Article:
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Rio De Janeiro (AFP) June 21, 2012
Discord overshadowed debate about the world's environment at the Rio+20 UN summit Thursday, while celebrities clamored for a sanctuary to protect the riches of the Arctic.
On its penultimate day, UN chief Ban Ki-moon defended the first large-scale conference on sustainable development in a decade as "the beginning of a journey."
The event "will lead to a more sustainable future for ourselves and for generations to come," he said.
But the gathering -- which has drawn officials from around the world -- came under fire from the leftist presidents of Bolivia and Ecuador, along with indigenous peoples, who said capitalist greed lurked beneath its promotion of the green economy.
Bolivian President Evo Morales described the green economy as "a new colonialism" that rich nations sought to impose on developing countries.
"Countries of the north are getting rich through a predatory orgy and are forcing countries of the south to be their poor rangers," he said.
"They want to create intervention mechanisms to monitor and assess our national policies using environmental concerns as an excuse."
Morales, Bolivia's first indigenous president, also pressed African countries to protect their mineral wealth from transnational companies.
In an interview with AFP, President Rafael Correa of Ecuador accused rich countries of "looting the planet, consuming environmental assets freely."
Indigenous peoples gathered for a counter-summit issued a declaration describing the green economy as "a crime against humanity and the Earth" by dollarizing nature and stripping communities of their rights.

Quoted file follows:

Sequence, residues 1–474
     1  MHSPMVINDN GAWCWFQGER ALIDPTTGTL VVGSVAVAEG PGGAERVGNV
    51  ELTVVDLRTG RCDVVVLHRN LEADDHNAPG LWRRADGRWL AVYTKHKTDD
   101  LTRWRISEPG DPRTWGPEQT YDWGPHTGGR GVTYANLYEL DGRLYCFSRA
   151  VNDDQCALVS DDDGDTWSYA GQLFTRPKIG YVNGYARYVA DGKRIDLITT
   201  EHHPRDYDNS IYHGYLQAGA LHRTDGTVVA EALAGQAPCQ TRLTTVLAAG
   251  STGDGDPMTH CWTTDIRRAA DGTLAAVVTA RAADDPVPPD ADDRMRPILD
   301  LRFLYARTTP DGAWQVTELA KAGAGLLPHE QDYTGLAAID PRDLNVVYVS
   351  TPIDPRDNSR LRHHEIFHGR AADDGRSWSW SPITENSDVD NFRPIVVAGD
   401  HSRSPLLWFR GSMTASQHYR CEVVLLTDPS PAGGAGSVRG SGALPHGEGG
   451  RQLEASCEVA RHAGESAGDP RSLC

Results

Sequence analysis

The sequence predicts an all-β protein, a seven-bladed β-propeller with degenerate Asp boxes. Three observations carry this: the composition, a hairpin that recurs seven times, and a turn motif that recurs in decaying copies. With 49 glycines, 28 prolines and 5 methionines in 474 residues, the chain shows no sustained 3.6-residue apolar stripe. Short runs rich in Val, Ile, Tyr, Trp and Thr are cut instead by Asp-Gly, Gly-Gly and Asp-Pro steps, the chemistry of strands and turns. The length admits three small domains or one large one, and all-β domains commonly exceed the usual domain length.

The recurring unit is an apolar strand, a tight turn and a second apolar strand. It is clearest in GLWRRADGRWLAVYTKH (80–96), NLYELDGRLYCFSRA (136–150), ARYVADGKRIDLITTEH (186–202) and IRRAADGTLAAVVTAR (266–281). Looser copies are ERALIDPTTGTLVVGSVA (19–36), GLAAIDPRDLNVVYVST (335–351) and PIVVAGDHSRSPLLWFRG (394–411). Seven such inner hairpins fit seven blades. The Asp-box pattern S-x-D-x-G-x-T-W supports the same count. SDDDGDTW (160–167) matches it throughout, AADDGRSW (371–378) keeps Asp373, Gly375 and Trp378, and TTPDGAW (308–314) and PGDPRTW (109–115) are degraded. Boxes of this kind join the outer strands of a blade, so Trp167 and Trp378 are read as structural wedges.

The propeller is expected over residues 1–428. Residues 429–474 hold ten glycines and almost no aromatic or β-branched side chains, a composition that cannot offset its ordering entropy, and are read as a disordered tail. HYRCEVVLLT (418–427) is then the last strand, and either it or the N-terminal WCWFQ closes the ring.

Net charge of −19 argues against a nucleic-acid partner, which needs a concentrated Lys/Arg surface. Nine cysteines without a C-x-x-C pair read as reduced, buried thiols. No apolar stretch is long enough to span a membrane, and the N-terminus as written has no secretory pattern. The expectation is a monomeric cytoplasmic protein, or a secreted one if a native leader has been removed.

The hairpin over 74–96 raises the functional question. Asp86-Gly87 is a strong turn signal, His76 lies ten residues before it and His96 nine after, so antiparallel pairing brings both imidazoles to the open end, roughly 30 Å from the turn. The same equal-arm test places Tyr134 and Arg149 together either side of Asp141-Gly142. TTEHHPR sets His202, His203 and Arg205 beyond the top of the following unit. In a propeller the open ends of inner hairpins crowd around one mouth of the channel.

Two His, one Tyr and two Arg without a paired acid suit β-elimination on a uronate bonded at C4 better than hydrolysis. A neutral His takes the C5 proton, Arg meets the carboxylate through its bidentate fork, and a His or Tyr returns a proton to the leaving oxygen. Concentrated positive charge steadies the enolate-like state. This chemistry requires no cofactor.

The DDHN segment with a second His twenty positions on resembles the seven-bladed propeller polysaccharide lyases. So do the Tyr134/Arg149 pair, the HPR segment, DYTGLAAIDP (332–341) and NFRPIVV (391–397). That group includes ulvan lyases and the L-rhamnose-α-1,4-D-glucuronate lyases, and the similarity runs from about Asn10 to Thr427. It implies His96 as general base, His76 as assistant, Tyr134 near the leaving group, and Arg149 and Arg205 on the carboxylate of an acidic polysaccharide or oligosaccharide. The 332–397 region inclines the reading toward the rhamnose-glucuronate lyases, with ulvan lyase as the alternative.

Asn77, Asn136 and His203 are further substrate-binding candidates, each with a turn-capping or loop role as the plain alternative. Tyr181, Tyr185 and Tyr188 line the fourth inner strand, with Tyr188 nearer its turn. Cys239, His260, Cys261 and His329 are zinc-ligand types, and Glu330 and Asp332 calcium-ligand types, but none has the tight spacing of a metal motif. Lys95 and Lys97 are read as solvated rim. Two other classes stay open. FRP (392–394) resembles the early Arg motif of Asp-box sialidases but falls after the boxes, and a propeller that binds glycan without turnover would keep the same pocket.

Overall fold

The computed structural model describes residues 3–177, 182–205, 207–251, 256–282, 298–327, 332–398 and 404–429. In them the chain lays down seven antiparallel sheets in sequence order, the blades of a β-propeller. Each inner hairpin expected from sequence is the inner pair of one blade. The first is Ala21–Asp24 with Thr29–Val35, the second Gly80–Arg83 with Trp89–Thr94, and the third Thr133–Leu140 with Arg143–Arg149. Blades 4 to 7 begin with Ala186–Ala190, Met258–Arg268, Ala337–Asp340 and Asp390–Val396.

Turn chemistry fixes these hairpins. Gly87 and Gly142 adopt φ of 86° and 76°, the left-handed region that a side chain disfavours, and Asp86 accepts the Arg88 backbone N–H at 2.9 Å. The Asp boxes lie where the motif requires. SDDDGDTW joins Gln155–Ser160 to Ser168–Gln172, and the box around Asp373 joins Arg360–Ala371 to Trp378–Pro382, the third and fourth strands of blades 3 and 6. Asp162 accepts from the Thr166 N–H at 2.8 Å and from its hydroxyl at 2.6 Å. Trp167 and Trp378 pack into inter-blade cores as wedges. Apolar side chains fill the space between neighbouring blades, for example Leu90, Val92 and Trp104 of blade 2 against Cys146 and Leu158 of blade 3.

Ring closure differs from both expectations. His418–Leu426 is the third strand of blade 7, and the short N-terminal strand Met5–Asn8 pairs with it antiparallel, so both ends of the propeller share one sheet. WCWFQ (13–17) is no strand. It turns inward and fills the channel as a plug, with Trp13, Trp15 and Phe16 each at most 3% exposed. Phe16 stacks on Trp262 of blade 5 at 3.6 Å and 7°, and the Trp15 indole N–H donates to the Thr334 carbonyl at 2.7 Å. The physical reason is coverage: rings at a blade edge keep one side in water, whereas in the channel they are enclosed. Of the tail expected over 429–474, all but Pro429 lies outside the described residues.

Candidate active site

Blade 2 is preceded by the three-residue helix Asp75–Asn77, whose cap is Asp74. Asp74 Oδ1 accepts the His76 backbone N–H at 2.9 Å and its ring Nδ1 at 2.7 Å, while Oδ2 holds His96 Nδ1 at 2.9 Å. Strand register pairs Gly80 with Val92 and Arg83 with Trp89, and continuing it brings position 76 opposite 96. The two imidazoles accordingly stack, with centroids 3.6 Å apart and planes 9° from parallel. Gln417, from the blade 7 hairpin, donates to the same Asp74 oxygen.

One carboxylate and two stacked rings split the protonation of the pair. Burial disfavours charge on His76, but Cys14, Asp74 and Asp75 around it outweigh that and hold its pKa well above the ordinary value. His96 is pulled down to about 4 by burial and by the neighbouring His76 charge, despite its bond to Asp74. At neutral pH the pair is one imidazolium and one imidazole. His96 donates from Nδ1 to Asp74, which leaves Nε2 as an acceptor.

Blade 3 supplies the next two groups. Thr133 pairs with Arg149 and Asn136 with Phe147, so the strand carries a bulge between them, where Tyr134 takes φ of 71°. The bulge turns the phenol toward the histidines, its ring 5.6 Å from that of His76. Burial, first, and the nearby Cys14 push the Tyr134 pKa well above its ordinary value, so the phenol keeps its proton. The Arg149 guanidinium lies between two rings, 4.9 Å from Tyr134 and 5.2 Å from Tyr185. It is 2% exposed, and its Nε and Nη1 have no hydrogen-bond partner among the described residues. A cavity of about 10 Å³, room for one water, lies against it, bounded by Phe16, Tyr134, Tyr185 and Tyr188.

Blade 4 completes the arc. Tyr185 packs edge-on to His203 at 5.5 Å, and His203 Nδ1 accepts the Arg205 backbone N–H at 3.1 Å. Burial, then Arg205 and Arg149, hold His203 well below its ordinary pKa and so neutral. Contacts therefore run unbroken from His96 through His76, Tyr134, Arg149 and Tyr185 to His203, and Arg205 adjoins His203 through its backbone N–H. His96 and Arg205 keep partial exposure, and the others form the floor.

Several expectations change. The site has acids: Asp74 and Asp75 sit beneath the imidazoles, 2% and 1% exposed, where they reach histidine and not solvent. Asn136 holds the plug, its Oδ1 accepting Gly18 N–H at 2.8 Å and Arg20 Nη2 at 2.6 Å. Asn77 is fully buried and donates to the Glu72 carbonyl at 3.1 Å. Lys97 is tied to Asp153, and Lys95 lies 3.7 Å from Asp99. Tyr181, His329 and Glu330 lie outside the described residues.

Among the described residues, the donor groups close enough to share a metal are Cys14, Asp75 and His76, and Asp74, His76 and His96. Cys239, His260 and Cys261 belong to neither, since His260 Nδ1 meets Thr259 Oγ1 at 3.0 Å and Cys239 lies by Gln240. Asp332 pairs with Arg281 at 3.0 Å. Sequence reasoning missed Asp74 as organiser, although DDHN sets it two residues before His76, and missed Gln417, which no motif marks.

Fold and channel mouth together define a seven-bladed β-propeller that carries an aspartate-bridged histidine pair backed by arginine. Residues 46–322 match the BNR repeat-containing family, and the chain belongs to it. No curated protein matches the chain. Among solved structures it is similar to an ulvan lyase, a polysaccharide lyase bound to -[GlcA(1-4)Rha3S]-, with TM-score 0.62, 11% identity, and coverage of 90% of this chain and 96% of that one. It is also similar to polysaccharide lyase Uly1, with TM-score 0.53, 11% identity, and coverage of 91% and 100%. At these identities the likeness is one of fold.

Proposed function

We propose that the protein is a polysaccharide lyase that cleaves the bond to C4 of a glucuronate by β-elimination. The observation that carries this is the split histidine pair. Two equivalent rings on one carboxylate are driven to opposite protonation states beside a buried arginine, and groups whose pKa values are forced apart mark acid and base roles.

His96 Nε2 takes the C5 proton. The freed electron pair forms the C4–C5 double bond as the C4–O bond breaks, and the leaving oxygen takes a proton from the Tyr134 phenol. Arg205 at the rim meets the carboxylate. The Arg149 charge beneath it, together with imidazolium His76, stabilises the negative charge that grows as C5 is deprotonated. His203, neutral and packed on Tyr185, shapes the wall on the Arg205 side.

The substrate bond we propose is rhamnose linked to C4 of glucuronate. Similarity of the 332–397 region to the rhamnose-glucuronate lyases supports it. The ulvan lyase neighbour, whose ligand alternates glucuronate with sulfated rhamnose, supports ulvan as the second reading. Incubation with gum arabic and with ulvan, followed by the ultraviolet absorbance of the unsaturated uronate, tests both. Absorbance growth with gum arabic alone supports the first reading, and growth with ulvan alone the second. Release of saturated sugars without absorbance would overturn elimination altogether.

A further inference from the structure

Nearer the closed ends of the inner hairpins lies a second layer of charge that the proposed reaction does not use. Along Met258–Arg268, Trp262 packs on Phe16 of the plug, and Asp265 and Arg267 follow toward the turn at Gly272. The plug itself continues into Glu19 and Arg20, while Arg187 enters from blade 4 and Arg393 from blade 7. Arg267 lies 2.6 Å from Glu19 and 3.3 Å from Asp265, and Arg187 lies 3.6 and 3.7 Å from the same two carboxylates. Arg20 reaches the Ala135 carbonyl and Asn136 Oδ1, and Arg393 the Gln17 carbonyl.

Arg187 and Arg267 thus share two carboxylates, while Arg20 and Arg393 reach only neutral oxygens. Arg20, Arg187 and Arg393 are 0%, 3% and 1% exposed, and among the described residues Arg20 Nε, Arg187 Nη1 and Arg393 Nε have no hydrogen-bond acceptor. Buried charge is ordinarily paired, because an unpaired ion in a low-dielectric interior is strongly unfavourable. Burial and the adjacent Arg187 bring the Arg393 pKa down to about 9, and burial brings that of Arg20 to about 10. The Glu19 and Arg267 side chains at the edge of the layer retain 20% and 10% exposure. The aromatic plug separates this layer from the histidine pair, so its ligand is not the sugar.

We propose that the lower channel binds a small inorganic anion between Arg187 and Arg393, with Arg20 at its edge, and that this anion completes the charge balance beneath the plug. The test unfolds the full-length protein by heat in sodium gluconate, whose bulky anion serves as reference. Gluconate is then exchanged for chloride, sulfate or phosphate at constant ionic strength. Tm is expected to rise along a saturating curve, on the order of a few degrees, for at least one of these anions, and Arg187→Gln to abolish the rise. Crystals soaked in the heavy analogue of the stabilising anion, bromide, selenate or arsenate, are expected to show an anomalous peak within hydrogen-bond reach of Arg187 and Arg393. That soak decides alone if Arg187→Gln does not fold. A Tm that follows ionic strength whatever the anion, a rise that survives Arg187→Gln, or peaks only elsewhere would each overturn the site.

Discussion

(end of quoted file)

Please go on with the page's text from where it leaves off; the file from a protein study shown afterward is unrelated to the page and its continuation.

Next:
Greenpeace, meanwhile, announced that ex-Beatle Paul McCartney, actress Penelope Cruz and director Robert Redford had joined a campaign for a "global sanctuary" around the North Pole.
The celebrities are among the first 100 names on a planned million-signature scroll the activist group want to place on the seabed beneath Earth's northernmost point.
The goal is to counter nationalist claims on the North Pole and preserve the heart of the Arctic Ocean from a carve-up for resources.
The shrinkage of Arctic ice through global warming has led to jostling over sea routes and access to the sea bed, believed to be rich in hydrocarbons and minerals.
At Friday's close, the 190-nation summit is due to endorse a lengthy statement vowing to tackle Earth's environmental problems and entrenched poverty.
"This is a very good document, this is the vision on which we can build our dreams, our visions and it is important that the member states are united and work together," said Ban, who on Thursday also unveiled five objectives to put an end to world hunger.
But the Elders, a group of respected former leaders, environmental activists and poverty alleviation campaigners, slammed the draft as lacking ambition.
Mary Robinson, the former Irish president and ex-UN high commissioner for human rights, described it as "a failure of leadership" while former Norwegian premier Gro Harlem Brundtland said its "omission of reproductive rights is a step backwards."
"The failure of Rio+20 is a call for action which will give the people more energy to mobilize in the future," said Greenpeace political director Daniel Mittler, who called the summit an "epic failure."
Also Thursday, Ban unveiled five objectives of a "Zero Hunger Challenge" to ensure all the Earth's population "enjoys their right to food."
Separately Thursday, Paraguay's opposition-controlled Congress voted to start impeachment proceedings against President Fernando Lugo for his role in deadly clashes between police and squatters.
The brewing crisis prompted South American presidents at the conference to hold emergency talks and rush foreign ministers to Paraguay.
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